Greece in Autumn? Yes, please!
Greece is a wonderful place to visit out of season. In fact, Greece in autumn is son wonderful that I’ve been to Greece in the months of October well into November again and again.
Autumn in Greece is still warm
You know, that time when for us Northern European it is time to dig out the winter coats, boots and moan that it is already dark by the time you leave work, is the time to go to Greece, even for a short break. Fill any available space with UV light, your brain with a good mood, and put on 3kg of winter fat.
I love Greece, and I have only visited a few places, and it has been my ambition to return for many years- but I love to stay at home in the height of summer. We live near a lake, we have no children at school, it can be a bit tricky to get leave in the summer when all your colleagues with children do, and prices tend to be higher for any type of travel in summer. Autumn is the perfect time to go.
Where to go in Greece in Autumn?
It depends where you go, though. Two years ago, I was in Thassos in mid-October, only to find many restaurants closed and the air a bit chilly after by swim in the sea. The Northern city of Thessaloniki, on the other hand, was bustling, but not with tourists. I have been told that in Crete, you can swim in the sea until late November.
Our short break took us to Athens and Aegina
So this time, we had five days and choice of flights to either Athens or Thessaloniki. Athens it is, then. Plus a bit of suntanning and swimming, please. You can take a bus from Athens Airport (X96) and be in Piraeus Harbour within 90 minutes (or take a budget flight to one of the islands), but some ferries leave infrequently and take hours, so let’s pick something closer to our Athens base. We chose the Argo-Saronic Islands and Aegina in particular, because they are really close to Athens (40min by that retro hydrofoil called Flying Dolphin, or 1.5 hours by ferry), they are not really overrun with visitors and hotels are four storeys at most, and because I wanted to return to Palaeochora (more on that later).
I have been to Poros, Hydra and Spetses, too, and they are all great in their own way, but Aegina is probably the largest, with over ten daily hydrofoil/boat departures the most easily accessible, and it holds an extremely well-preserved Doric temple, remains of an ancient capital with over 30 preserved churches, many of them of Byzantine Origin, very clean water, some decent beaches… and a nice relaxed island vibe. So we decided to visit Aegina and Athens.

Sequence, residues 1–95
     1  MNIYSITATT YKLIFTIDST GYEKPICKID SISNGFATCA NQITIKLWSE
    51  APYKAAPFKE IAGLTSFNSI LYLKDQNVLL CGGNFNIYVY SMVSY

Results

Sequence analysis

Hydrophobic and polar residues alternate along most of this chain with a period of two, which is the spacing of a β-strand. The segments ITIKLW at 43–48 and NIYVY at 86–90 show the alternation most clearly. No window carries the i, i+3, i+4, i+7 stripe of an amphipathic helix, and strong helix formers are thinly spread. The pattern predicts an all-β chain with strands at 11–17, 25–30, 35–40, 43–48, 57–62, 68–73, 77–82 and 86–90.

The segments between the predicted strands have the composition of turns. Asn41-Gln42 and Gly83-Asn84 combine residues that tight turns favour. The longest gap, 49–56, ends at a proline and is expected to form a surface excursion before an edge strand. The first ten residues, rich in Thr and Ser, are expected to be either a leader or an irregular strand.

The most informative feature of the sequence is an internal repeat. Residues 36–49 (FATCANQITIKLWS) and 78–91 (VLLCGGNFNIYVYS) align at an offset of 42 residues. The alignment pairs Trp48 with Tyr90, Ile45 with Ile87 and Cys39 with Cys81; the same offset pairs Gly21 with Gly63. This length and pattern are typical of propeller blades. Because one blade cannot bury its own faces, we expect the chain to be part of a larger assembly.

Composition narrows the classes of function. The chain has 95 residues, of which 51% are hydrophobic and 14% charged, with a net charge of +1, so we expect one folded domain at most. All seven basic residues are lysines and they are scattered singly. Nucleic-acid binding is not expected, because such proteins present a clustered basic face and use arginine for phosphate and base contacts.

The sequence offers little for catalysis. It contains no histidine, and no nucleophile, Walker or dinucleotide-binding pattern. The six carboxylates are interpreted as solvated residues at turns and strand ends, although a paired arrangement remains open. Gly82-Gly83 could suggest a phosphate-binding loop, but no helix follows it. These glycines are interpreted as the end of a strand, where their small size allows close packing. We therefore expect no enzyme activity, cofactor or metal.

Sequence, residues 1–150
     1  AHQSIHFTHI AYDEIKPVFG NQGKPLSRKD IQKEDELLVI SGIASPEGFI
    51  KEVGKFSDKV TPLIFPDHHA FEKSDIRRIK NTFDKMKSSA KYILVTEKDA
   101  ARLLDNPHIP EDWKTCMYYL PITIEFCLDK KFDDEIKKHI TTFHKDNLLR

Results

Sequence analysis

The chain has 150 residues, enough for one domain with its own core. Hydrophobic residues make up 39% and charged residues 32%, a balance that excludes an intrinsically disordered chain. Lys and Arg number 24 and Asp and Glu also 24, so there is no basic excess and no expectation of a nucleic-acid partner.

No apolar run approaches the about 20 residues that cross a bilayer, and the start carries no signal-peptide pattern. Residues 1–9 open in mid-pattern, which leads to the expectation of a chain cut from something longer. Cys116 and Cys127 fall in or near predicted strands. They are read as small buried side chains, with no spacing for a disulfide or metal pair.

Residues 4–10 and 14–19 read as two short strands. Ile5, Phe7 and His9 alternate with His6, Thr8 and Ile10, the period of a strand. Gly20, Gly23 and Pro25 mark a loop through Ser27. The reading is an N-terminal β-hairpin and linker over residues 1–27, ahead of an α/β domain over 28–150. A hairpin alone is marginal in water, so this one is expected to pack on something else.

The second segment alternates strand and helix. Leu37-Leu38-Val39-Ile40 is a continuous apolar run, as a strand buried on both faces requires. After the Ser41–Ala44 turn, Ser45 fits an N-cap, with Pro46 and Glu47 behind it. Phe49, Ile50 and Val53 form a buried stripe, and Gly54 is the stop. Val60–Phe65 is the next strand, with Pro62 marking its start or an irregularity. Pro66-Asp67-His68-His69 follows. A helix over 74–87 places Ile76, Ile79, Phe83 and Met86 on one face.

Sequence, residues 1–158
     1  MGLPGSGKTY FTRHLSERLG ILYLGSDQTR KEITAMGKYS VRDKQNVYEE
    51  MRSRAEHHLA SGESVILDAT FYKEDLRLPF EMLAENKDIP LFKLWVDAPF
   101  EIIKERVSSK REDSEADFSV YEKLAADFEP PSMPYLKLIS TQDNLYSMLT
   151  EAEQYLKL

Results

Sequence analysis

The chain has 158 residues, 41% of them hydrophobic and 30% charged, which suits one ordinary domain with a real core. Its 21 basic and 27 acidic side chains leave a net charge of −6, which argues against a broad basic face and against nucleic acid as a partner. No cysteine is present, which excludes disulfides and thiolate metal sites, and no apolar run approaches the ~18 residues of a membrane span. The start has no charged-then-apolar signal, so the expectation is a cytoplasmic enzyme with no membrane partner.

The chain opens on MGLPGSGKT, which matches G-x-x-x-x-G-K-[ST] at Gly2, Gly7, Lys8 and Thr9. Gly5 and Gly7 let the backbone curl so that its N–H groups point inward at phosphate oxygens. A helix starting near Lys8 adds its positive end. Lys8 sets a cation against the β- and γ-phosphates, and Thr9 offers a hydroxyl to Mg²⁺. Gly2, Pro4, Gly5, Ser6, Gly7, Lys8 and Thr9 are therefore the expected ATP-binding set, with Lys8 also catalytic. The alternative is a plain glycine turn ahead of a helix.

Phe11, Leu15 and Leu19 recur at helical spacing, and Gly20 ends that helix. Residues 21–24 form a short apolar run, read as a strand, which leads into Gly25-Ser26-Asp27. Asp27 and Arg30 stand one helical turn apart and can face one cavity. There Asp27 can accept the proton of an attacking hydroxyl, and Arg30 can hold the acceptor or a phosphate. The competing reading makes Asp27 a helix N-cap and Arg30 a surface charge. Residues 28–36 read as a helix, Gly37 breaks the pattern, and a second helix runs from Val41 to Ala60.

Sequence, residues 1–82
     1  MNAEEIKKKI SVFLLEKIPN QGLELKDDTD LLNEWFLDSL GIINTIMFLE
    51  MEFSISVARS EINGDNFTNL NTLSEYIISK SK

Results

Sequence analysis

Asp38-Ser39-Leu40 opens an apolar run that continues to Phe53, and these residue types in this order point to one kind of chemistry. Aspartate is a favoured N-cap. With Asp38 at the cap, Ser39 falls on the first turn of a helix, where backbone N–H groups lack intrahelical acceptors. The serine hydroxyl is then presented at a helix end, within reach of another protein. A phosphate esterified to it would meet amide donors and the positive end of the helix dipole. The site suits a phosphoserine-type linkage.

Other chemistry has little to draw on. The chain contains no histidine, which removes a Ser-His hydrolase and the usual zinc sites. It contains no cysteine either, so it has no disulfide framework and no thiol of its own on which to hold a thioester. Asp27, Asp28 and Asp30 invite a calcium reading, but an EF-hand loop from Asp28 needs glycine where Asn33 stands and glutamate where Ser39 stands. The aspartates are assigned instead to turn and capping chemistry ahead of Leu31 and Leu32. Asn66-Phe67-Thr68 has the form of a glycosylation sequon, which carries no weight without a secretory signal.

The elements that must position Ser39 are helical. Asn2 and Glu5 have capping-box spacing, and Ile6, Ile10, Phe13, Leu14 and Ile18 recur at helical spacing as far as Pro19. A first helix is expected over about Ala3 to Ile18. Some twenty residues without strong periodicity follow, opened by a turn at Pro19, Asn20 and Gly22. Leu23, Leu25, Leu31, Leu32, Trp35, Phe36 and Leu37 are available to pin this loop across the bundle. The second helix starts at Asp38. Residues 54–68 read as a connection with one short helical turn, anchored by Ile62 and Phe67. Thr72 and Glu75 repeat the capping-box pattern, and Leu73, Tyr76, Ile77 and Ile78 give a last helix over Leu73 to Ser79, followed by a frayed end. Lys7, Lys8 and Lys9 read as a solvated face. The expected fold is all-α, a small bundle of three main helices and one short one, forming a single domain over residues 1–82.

Oh, and we only had five days! What can you do in five days? Can you see a city AND lie on the beach? Yes you can!
We flew to Athens on Sunday night. Arrived late, took a bus straight to Piraeus. Had our first good food shock. Two fresh gyros/veggie wraps and soft drinks for 5 EURO? Whoah.
Boat to Aegina Town, arrived in the late morning, and went straight to the beach. And sometime in the evening changed to the waterfront and its cafes…
When you have little time and visit out of season, I would recommend Aegina Town as a base. Its a pretty town with all services yet has some nice beaches in walking distance. We stayed at a small hotel called Aeginitiko Archontiko which is friendly and has bags of style and an owner who loves to bake – so the breakfasts were real sweet feasts. It is simple, but served us well. Perdhika is beautiful, but has mainly stone beaches, and there is really not much going on out of season though most waterfront restaurants remain open. Bank? Supermarket? No idea. We found Agia Marina pretty dead out of season – most restaurants were shut, and waterfront properties actually boarded up.
We rented scooters (they are cheap, but those cheap ones may miss a light or more) and drove to the convent of Agios Nektarios, walked around Palaeochora, visited the temple of Aphaia, sat by the sea in Perdhika, swam at Marathon Beach and dinner in one of the many restaurants in Aegina Town: the seafront places are nice – some are more generic touristy, some others are a mixture of visitors and locals, but one or two streets back you get more restaurants. I especially recommend the ones right at the back of the fish market – not the most stylish but very fresh fish.
Back to Athens in the morning! If you fancy it, you could walk up to the Acropolis… at present it costs 20 EUROs for the Acropolis alone, or 30 EURO on a combination ticket. If you buy a combination ticket, buy it at a different site (for example, the Ancient Agora or the small site of Lykeion right by the Byzantine Museum) as there are zero queues. However… even in October, the Acropolis and Acropolis Museum were very busy, and while the Acropolis is the top sight for many, I never quite understood it. Is it because it is so monumental? The Temple of Hephaistos by the Agora is much better preserved, a pretty impressive size yet hardly any one is there.